Under standard care, psychotic disorders can have limited response to treatments, high rates of chronicity and disability, negative impacts on families, and wider social and economic costs. In an effort to improve early detection and care of individuals developing a psychotic illness, early intervention in psychosis services and early detection services have been set up in various countries since the 1980s. In April 2016, NHS England implemented a new ‘access and waiting times’ standard for early intervention in psychosis to extend the prevention of psychosis across England. Unfortunately, early intervention and early detection services are still not uniformly distributed in the UK, leaving gaps in service provision. The aim of this paper is to provide a business case model that can guide clinicians and services looking to set up or expand early detection services in their area. The paper also focuses on some existing models of care within the Pan-London Network for Psychosis Prevention teams.
The clinical outcomes of individuals at clinical high risk of psychosis (CHR-P) who do not transition to psychosis are heterogeneous and inconsistently reported. We aimed to comprehensively evaluate longitudinally a wide range of outcomes in CHR-P individuals not developing psychosis.
“Preferred Reporting Items for Systematic reviews and Meta-Analyses” and “Meta-analysis Of Observational Studies in Epidemiology”-compliant meta-analysis (PROSPERO: CRD42021229212) searching original CHR-P longitudinal studies in PubMed and Web of Science databases up to 01/11/2021. As primary analysis, we evaluated the following outcomes within CHR-P non-transitioning individuals: (a) change in the severity of attenuated psychotic symptoms (Hedge's g); (b) change in the severity of negative psychotic symptoms (Hedge's g); (c) change in the severity of depressive symptoms (Hedge's g); (d) change in the level of functioning (Hedge's g); (e) frequency of remission (at follow-up). As a secondary analysis, we compared these outcomes in those CHR-P individuals who did not transition vs. those who did transition to psychosis at follow-up. We conducted random-effects model meta-analyses, sensitivity analyses, heterogeneity analyses, meta-regressions and publication bias assessment. The risk of bias was assessed using a modified version of the Newcastle-Ottawa Scale (NOS).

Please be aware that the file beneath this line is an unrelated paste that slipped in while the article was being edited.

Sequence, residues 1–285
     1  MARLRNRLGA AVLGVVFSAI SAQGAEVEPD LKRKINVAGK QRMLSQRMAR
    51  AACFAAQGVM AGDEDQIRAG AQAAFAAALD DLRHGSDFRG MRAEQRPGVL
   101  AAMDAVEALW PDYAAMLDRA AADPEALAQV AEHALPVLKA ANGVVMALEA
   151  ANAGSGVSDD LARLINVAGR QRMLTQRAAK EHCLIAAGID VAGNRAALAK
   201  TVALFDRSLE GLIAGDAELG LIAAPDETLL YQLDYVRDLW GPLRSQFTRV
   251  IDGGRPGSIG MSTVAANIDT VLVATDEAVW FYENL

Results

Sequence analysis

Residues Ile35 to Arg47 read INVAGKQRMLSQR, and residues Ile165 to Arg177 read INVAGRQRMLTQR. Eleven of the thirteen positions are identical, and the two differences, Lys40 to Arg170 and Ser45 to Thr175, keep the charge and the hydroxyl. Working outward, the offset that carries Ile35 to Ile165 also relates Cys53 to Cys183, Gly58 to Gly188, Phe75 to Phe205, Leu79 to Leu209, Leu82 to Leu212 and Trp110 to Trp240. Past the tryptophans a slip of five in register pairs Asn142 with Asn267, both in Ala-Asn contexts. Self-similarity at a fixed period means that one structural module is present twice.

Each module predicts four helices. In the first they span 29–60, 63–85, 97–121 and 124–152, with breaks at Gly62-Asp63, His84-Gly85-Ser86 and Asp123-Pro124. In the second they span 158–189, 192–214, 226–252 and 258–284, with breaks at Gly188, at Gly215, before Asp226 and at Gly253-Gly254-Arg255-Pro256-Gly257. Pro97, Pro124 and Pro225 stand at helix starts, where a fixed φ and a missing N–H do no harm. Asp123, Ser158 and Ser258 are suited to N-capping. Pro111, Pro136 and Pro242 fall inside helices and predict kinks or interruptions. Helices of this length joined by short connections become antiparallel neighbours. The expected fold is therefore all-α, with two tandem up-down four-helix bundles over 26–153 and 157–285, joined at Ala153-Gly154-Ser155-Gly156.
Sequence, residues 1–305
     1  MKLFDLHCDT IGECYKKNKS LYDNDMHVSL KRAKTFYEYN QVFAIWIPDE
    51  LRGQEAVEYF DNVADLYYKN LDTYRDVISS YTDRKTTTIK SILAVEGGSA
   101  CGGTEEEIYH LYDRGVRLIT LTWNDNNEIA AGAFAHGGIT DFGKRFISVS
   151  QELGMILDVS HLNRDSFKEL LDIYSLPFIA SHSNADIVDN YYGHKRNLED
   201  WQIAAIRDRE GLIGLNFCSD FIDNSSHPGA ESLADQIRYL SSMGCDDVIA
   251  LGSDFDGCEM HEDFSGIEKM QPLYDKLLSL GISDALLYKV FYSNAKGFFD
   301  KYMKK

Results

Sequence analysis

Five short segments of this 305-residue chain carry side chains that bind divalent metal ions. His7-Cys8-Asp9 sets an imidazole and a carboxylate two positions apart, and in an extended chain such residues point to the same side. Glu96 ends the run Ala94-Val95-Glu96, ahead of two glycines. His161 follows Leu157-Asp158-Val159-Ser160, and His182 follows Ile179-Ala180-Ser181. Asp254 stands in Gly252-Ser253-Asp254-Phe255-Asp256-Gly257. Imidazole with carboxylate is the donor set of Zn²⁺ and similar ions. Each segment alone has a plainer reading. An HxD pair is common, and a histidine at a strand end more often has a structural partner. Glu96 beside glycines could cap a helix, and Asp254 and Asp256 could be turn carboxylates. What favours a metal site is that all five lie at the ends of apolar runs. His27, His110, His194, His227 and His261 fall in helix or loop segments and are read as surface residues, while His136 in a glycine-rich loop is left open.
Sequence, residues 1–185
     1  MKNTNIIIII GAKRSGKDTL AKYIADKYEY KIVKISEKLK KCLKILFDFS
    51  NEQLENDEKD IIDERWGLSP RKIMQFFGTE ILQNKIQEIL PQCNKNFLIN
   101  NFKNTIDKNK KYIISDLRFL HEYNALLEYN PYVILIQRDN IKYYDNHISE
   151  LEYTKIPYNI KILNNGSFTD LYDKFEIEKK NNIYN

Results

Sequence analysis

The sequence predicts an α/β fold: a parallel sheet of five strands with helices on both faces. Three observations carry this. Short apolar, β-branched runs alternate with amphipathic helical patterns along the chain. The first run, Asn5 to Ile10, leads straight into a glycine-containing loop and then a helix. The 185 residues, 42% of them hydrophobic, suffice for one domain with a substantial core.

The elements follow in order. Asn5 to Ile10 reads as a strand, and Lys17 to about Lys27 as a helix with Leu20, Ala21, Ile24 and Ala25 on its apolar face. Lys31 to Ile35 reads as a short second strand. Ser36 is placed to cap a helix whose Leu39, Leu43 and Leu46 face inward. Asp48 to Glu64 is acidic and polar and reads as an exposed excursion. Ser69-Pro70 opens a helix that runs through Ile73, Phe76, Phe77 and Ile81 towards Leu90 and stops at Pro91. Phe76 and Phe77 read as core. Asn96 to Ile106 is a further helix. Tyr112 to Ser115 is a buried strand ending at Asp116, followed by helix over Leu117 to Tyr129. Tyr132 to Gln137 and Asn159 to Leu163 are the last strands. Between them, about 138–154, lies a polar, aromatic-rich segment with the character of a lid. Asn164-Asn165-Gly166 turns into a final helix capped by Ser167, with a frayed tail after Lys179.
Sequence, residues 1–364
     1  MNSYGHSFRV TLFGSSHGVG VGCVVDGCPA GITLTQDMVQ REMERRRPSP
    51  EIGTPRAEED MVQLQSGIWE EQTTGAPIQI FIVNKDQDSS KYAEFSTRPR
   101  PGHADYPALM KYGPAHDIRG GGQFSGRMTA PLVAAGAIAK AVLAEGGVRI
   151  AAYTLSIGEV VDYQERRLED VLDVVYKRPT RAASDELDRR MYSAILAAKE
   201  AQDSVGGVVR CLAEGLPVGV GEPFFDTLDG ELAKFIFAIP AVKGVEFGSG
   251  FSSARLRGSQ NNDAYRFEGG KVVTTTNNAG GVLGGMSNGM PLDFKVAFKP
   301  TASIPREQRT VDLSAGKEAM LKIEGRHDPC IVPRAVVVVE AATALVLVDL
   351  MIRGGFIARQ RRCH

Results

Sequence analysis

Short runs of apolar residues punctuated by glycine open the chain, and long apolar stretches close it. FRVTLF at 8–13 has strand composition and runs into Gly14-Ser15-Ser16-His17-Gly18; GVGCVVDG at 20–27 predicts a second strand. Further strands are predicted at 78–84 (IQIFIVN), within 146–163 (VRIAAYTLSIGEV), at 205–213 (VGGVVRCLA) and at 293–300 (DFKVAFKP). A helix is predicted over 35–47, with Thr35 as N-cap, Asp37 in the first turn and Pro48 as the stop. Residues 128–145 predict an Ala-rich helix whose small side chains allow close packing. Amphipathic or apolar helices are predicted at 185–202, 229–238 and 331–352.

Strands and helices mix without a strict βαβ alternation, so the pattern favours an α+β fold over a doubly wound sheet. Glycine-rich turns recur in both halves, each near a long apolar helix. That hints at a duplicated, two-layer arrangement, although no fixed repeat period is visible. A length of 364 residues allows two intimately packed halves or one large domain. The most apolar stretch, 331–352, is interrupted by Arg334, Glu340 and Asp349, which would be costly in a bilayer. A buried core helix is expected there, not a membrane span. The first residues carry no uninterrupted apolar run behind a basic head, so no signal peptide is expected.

Twenty-eight studies were included (2756 CHR-P individuals, mean age = 20.4, 45.5% females). The mean duration of follow-up of the included studies was of 30.7 months. Primary analysis: attenuated psychotic symptoms [Hedges’ g = 1.410, 95% confidence interval (CI) 1.002–1.818]; negative psychotic symptoms (Hedges’ g = 0.683, 95% CI 0.371–0.995); depressive symptoms (Hedges’ g = 0.844, 95% CI 0.371–1.317); and functioning (Hedges’ g = 0.776, 95% CI 0.463–1.089) improved in CHR-P non-transitioning individuals; 48.7% remitted at follow-up (95% CI 39.3–58.2%). Secondary analysis: attenuated psychotic symptoms (Hedges’ g = 0.706, 95% CI 0.091–1.322) and functioning (Hedges’ g = 0.623, 95% CI 0.375–0.871) improved in CHR-P individuals not-transitioning compared to those transitioning to psychosis, but there were no differences in negative or depressive symptoms or frequency of remission (p > 0.05). Older age was associated with higher improvements of attenuated psychotic symptoms (β = 0.225, p = 0.012); publication years were associated with a higher improvement of functioning (β = −0.124, p = 0.0026); a lower proportion of Brief Limited Intermittent Psychotic Symptoms was associated with higher frequencies of remission (β = −0.054, p = 0.0085). There was no metaregression impact for study continent, the psychometric instrument used, the quality of the study or proportion of females. The NOS scores were 4.4 ± 0.9, ranging from 3 to 6, revealing the moderate quality of the included studies.
Clinical outcomes improve in CHR-P individuals not transitioning to psychosis but only less than half remit over time. Sustained clinical attention should be provided in the longer term to monitor these outcomes.
Accumulating evidence suggests that alterations in inflammatory biomarkers are important in depression. However, previous meta-analyses disagree on these associations, and errors in data extraction may account for these discrepancies.